Kars4Kids data breach exposed 21 612 records filled with personally identifiable information
The New Jersey-based donation service Kars4Kids has become yet another victim of the data breach that was discovered by Bob Diachenko on November 3. The access to the company's MongoDB database revealed personal information about donors, including their email addresses, donation receipts, links to personal tax information, and other credentials which can be later used to access more sensitive data.
Everything started with the misconfigured database which was placed on a server without any password. However, during the research, Hacken's Director of Cyber Risk found the evidence that he was not the first one who found an unprotected data on these servers. Someone else has already left the ransom note claiming that he or she has already downloaded the data and now is asking bitcoin ransom to give it back without misusing.
This issue raised more attention and more risks, according to Diachenko:
It is unclear how long the data was exposed or how many others gained have access to it before the notification was sent and ultimately secured.
Kars4Kids was informed on the same November 3 via email, but the team gave no response. HackenProof called the charity with the purpose of connecting with IT specialists but received no answer either. However, on November 7 charity contacted HackenProof and pulled the database offline.
Ransom note was found within the database
As already stated, Diachenko found a ransom note beside all the data that was publicly accessible proving that there is a possibility that cybercriminals stole more information. As the report states, anyone with a connection to the internet could have accessed the unprotected database:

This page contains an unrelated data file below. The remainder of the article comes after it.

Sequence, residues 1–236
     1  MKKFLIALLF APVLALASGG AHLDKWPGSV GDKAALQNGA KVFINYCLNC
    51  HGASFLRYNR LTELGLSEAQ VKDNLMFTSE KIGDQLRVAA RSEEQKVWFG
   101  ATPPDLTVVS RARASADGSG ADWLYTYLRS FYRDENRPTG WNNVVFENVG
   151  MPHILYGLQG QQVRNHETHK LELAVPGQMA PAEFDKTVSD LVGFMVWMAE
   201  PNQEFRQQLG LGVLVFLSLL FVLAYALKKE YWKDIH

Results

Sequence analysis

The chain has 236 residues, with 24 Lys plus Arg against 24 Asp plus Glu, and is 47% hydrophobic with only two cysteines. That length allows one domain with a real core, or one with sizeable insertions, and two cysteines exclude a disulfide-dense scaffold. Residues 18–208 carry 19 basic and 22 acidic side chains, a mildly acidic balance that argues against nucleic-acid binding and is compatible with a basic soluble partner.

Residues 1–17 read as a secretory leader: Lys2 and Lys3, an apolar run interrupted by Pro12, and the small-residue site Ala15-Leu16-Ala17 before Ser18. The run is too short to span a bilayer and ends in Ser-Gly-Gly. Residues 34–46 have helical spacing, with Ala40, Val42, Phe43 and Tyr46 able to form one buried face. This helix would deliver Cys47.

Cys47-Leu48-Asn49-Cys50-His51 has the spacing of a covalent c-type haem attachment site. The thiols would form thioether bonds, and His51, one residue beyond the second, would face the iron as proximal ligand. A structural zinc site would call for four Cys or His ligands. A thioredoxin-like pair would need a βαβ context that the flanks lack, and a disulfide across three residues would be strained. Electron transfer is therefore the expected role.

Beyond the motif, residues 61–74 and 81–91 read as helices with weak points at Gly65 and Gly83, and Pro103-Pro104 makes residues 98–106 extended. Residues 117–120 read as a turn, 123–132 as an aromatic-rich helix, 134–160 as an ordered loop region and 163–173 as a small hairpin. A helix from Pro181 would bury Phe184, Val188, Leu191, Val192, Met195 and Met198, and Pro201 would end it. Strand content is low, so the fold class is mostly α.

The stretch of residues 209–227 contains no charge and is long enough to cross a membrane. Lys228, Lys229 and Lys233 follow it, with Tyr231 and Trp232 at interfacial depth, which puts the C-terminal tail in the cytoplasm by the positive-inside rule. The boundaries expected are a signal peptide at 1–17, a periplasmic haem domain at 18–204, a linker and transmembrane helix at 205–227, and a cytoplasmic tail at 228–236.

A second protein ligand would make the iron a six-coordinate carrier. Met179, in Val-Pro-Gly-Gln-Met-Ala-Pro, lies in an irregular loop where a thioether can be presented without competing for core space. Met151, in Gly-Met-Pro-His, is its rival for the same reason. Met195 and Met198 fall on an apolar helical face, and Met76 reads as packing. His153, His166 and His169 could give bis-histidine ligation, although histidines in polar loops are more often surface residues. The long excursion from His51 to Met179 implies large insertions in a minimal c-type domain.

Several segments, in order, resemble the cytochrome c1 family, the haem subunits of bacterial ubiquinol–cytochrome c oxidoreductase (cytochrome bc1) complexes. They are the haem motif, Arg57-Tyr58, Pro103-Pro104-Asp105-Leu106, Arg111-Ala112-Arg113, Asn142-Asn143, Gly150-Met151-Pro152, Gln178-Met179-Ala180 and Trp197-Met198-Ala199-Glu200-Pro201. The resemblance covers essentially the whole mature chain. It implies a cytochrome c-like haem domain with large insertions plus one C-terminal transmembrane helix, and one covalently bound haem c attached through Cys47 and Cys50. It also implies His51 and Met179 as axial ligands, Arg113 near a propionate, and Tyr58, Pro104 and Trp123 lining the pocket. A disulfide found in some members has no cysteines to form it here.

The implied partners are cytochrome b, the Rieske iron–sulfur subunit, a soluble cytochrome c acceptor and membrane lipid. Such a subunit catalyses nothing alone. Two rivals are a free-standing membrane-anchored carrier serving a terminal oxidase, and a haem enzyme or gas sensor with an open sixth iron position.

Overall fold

In fact, there is clear evidence that cybercriminals placed a ransom note inside their database. We cannot confirm or deny that cybercriminals have downloaded the entire Kars4Kids’ database, but the ransom note provides reasonable suspicion that it is a possibility.
There have been instances how groups of hackers wiped down various databases and demanded victims to pay. In 2017, more than 26 000 MongoDB databases were accessed, and hackers demanded $650 per database. According to the same researcher, 75 000 databases in total were affected that year. The process can be quicker than you think as Diachenko reflects on his previous test conducted in March:
It took only three hours for hackers to identify the database before wiping out its data in just 13 seconds and leaving a ransom note demanding 0.2 Bitcoin.
Late reply from the charity raises more questions about donor data security
After a few days of trying to contact the charity, HackenProof got a response but the process was not easy because the team needed to call various numbers and even ask volunteers to refer them to the right people:
It took 3 hours by phone to reach someone despite telling the volunteers who answer the phones that this is a serious issue and we need to speak with someone in the IT Technology department or senior management.
It seems that the organization has no plan for crisis and data breach management. It is extremely important because every organization should value the security of information and protect the data they collect. Educational programs for their employees could be a strategy that gives better results each year.